Man suffering from ringing in the ears reads about new research into the causes of tinnitus.

When you suffer from tinnitus, you learn to deal with it. To help tune it out you keep the television on. You skip going dancing because the loudness of the bar causes your tinnitus to get worse for days after. You check in with specialists constantly to try out new solutions and new techniques. Eventually, your tinnitus simply becomes something you work into your daily way of life.

Tinnitus doesn’t have a cure so you feel powerless. Changes could be coming, however. New research published in PLOS Biology indicates that an reliable and permanent cure for tinnitus could be coming soon.

Tinnitus Causes

Tinnitus usually manifests as a ringing or buzzing in the ear (although, tinnitus might be present as other sounds also) that do not have an objective cause. A condition that affects over 50 million people in the United States alone, it’s incredibly common for people to suffer from tinnitus.

It’s also a symptom, generally speaking, and not a cause unto itself. In other words, tinnitus is caused by something else – tinnitus symptoms are the outcome of some root concern. These underlying causes can be difficult to diagnose and that’s one reason why a cure is challenging. There are many possible reasons for tinnitus symptoms.

True, the majority of people attribute tinnitus to hearing loss of some type, but even that relationship is unclear. There’s a correlation, certainly, but not all people who have tinnitus also have loss of hearing (and vice versa).

Inflammation: a New Culprit

Dr. Shaowen Bao, who is associate professor of physiology at Arizona College of Medicine in Tuscon has recently published research. Mice that had tinnitus caused by noise induced loss of hearing were experimented on by Dr. Bao. And a new culprit for tinnitus was revealed by her and her team: inflammation.

Inflammation was seen around the brain centers responsible for hearing when scans were done to these mice. As inflammation is the body’s reaction to injury, this finding does suggest that noise-induced hearing loss might be creating some damage we don’t completely understand yet.

But this finding of inflammation also brings about the possibility of a new kind of therapy. Because we know (generally speaking) how to deal with inflammation. The tinnitus symptoms went away when the mice were treated for inflammation. Or at the very least there were no longer observable symptoms of tinnitus.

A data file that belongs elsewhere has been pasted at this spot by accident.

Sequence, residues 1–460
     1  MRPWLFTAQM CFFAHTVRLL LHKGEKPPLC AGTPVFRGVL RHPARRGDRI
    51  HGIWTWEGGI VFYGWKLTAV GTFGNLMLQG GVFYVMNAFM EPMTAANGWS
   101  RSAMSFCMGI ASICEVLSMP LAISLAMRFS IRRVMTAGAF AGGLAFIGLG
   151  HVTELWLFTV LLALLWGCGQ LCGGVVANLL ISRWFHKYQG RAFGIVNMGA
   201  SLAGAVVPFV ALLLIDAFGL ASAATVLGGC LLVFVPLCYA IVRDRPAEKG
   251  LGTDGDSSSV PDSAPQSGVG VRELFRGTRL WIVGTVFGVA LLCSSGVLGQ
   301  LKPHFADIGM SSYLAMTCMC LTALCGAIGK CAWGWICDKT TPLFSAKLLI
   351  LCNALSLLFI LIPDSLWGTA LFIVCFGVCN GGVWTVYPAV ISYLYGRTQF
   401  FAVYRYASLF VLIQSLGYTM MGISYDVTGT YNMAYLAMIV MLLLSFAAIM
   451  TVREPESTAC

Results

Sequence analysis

So is There a Pill For Tinnitus?

If you take a patient enough view, you can definitely look at this study and see how, one day, there could definitely be a pill for tinnitus. Imagine if keeping your tinnitus under control was a simple matter of taking your morning medication and you could avoid all of the coping mechanisms you need to do now.

That’s certainly the goal, but there are many huge obstacles in the way:

  • Any new approach needs to be confirmed to be safe; it might take a while to identify specific side effects, concerns, or problems related to these particular inflammation-blocking medications.
  • There are various causes for tinnitus; Which particular types of tinnitus are connected to inflammation is still unclear.
  • These experiments were first performed on mice. This method is not yet approved for humans and it may be a while before that happens.

So it could be pretty far off before we get a pill to treat tinnitus. But it’s no longer impossible. That should give anybody who has tinnitus significant hope. And other approaches are also being researched. Every new finding, every new bit of knowledge, brings that cure for tinnitus just a little bit closer.

Ca Anything be Done Now?

If you have a continual buzzing or ringing in your ears today, the promise of a far off pill could provide you with hope – but not necessarily relief. Current treatments might not “cure” your tinnitus but they do provide real results.

Some strategies include noise-cancellation units or cognitive therapies designed to help you brush off the sounds connected to your tinnitus. A cure could be several years off, but that doesn’t mean you should cope with tinnitus on your own or unaided. Finding a therapy that works can help you spend more time doing what you enjoy, and less time thinking about that buzzing or ringing in your ears. Schedule your appointment today.

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